STAYCATION SPLURGE: It may sound bizarre, but Yukka & Stamp offer retro cameras which double up as quirky plant holders for cacti.

They start from pounds 30.

SUNNY DELIGHTS It's a great time to revamp and furnish a patio at bargain prices as many stores are beginning to reduce ranges of garden furniture.

Entertain outdoors with a movie night - projectors can be hired from companies such as www.aliveandsound.co.uk, and you just need to hang a white sheet on a line for a screen, and grab a few DVDs.

STAYCATION SPEND: Shelter from the sun under a sleek metal gazebo, pounds 495 from John Lewis. It is made from powder-coated steel and a Textilene fabric, and has a unique pulley system and adjustable sides.

STAYCATION SPLURGE: Pools, indoor or outdoor, are the ultimate luxury for those who want to want to make a splash all year round.

"More and more people are choosing to invest in a pool instead of spending the money on holidays," says Estelle Michaels at Easy Pools, whose pools start from pounds 7,000.

SOUVENIR STYLE Be an armchair traveller and display world maps or a globe and resort posters, and treasures brought back from trips whether its beachcomber finds or Costa-del-Chic bric-a-brac.

Cloth-Ears nostalgia-inspired goodies include its 'Paper Planes' range echoing the iconic design of those long-gone air-mail letters. Teamug and coaster, pounds 8.99; plate or bowl, pounds 7.99 And its vintage metal 'I'm On Holiday Get It Yourself ' sign is surely an essential finishing touch for a staycation home. It's pounds 5.99.

STAYCATION SPEND: Decorative wooden letters, pounds 12 each from Not On The High Street, can be covered in any choice of map and could be used to spell out a name, perhaps of a favourite foreign city.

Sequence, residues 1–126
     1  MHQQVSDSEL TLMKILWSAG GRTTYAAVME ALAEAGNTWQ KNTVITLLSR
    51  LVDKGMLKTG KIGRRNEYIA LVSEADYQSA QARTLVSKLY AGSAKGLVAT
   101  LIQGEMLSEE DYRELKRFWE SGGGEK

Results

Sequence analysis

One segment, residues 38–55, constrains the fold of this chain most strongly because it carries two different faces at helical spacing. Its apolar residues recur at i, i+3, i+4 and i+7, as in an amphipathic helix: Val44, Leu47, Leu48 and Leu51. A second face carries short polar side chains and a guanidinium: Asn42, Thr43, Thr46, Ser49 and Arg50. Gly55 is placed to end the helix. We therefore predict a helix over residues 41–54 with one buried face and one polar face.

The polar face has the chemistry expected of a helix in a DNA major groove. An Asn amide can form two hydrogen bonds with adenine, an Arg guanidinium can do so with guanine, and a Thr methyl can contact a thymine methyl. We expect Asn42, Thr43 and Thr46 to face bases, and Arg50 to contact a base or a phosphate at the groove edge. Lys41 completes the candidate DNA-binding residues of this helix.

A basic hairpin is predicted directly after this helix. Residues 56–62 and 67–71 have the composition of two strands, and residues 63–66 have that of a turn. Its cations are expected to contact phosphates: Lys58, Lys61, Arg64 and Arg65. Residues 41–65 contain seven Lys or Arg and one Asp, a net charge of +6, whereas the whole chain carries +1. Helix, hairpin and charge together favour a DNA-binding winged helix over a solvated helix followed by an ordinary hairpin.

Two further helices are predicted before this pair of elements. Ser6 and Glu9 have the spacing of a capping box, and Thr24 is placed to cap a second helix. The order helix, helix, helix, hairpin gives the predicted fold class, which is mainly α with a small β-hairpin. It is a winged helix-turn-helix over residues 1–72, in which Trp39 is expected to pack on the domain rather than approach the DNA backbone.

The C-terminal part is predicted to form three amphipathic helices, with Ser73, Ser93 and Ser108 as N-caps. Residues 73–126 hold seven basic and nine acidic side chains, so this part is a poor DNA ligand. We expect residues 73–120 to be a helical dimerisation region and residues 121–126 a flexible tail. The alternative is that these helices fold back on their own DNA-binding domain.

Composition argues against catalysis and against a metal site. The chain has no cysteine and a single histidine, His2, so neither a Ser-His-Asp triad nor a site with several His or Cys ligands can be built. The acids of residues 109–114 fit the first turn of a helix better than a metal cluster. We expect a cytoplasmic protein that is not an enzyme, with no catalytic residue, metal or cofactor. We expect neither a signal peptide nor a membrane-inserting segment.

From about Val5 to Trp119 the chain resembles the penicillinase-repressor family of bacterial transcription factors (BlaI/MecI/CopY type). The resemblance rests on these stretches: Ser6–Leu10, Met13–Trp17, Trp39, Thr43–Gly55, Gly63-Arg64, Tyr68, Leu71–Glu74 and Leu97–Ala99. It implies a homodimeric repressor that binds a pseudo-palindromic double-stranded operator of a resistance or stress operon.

STAYCATION SPLURGE: Add a taverna-touch to a kitchen with stools, made from recycled catering tins once used for foods such as Greek olives. Each stool costs pounds 95 from Pedlars.

Right, Vintage metal, I''m On Holiday Get It Yourself'' sign, pounds 5.99, Cloth Ears stockists Alfapostcards.com: 01704 895 056/alfapostcards.com Artificial Lawn Company: 01474 364 320/artificiallawn.co.uk B&Q: 0845 850 017/diy.com Bloom: 0844 482 2332/bloom.uk.com Buythesea-Bymail: 01460 258 970/buythesea-bymail.co.uk Cloth-Ears: 01227 811 724/cloth-ears.co.uk DigetexHOME: 0161 873 8891/.digetexhome.com Dobbies: 0844 840 8404/dobbies.com Easy Pools: easypools.co.uk John Lewis: 0845 6049 049/johnlewis.com Mandarin Stone: mandarinstone.com Not On The High Street: 0844 745

4455/notonthehighstreet.com Pedlars: 01330 850 400/pedlars.co.uk Tobyhouse: 07795 528 082/tobyhouse.org.uk Welbeck Tiles: 01736 762000/welbeck,com Yukka & Stamp: yukka-and-stamp.com life's a beach TURN up the heat in the lounge, no matter what the weather outside, with a wall mural of an idyllic Maldives beach.

This balmy scene of blue sky, sea, white sand and a palm tree is pounds 145 from DigetexHome, which also has a collection of cushions, from pounds 29.99 each, featuring tourist attractions such as India's Taj Mahal.

STAYCATION SPEND: Save your pennies and get the sand-between-your toes feeling with a DIY patio beach.

All you need is a sprinkling of natural sand, the soothing sound of crashing waves, and a deckchair.

B&Q's Play sand is pounds 3.98 a bag, and coastal-themed interiors company, Buythesea has a CD, The Sea: Sounds of Nature, pounds 9.99, and a nautical-style blue-and-white striped deckchair, pounds 60.

STAYCATION SPLURGE: Bounce the light fantastic with a striped pendant light replicating that essential seaside toy, a Beachball. It is pounds 249, from Tobyhouse.

Peppermint Pebble stone mosaic flooring, pounds 58.73 per square metre, Mandarin Stone Beachball pendant lights, pounds 249 each, Tobyhouse

CAPTION(S):

Spring Lawn artificial grass, pounds 25.95 per square metre, The Artificial Lawn Company High Street and above, Maldives wallpaper mural, pounds 145, DigetexHome Piscinelle swimming pool, from pounds 9,500, Easy Pools
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Title Annotation:Features
Publication:Daily Post (Liverpool, England)
Date:Aug 3, 2010
Words:1311